Finding the right home in the right location can sometimes feel like looking for a needle in a haystack, but it doesn't have to be that way. Instead, here are some tips and tricks for finding that perfect combination of house and location that really feels like home.
The more knowledgeable you are about the area and the styles of available houses the better, but a good local real estate agent can also help with any questions or concerns. So, when it comes to touring potential homes to buy, is the house or location more important? To be sure what you are getting, don't get caught up in only the location or only the house. A balance between the two generally makes for a better purchase and less chance of regret.
Location, Location, Location
Why Location is Important When Buying a House
There's a reason this phrase is so common: The location of a new home is highly important. Noise, neighborhood quality, proximity to shopping, school districts, and other issues can come into play.
Many people mistakenly focus only on what they want from a home's location. That matters, of course, but it is also important to think about resale value, and how quickly you can resell a house when that time comes. Most people who buy a home, especially their first house, don't stay there forever. Reselling the home at a later date is often more difficult if the location is one that's not desirable to a large number of buyers.
A compromise between what would be ideal for you and what would typically be ideal for the majority of the population in that area may be the right choice in many cases. That can mean a happy home for the present and an easier chance to resell the house later when it's time to move on.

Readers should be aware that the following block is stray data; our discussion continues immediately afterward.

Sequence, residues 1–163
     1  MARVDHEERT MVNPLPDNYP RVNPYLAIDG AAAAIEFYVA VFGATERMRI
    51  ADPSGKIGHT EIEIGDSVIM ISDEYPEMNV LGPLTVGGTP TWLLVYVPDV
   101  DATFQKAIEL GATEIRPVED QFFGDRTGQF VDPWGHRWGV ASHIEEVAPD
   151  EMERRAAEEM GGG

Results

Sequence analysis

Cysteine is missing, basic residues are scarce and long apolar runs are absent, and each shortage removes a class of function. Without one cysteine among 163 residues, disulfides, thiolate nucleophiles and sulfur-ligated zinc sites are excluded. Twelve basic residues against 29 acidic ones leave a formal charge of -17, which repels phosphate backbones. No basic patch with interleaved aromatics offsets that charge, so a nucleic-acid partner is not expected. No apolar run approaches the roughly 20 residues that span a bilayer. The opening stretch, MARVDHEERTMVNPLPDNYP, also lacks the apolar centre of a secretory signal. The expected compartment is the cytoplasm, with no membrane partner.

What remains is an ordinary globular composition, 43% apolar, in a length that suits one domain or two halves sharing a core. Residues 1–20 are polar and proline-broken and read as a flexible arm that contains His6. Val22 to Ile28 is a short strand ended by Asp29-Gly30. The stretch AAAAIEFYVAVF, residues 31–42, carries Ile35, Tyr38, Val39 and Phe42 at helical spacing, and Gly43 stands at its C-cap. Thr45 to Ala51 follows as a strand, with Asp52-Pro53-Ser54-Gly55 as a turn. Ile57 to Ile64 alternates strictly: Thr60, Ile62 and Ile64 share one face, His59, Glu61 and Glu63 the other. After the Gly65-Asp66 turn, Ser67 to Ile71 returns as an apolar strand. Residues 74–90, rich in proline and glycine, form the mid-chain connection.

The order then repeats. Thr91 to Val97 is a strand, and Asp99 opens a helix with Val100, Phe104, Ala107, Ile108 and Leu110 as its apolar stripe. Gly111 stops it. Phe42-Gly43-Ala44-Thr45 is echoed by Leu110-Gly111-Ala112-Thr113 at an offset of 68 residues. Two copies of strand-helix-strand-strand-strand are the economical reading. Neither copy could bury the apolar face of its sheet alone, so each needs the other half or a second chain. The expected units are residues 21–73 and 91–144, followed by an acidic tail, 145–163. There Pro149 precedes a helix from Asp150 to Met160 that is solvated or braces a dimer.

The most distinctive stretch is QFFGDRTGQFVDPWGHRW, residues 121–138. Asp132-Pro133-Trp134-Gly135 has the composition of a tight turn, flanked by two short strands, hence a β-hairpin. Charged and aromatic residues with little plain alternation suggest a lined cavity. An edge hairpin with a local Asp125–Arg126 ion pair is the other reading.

Producing a winning situation now and in the future is a smart move, financially speaking - although no one can really predict what the future will hold. To some extent it is a guessing game, but thinking carefully and making wise decisions on the location of the new home can pay off.
The House Also Matters
Even if the location is perfect for your needs and potential future resale, that doesn't mean the house will work for you. Ideally, you will find the perfect home in the perfect location, however, compromises over small aspects are typically in order.
The house should be big enough for current needs while keeping future needs in mind. Additionally, it should have a layout that works for your lifestyle. For people who have parties and gatherings, an open floor plan could be the right choice. For those who are more interested in quiet, small gatherings, or like to spend time alone, something more divided may be better.
No matter which is chosen, it should be based on what the people who live there really like, as opposed to what is never really going to be comfortable.
In general, good home locations normally comes first when starting the search. The city, established neighborhood, and specific street or area can vary widely in terms of the overall feeling of living there. Once the desired location or types of locations have been identified, finding the right house then becomes the focus. That provides the best chance of finding a good pairing of house and location that will meet a buyer's needs over the long term.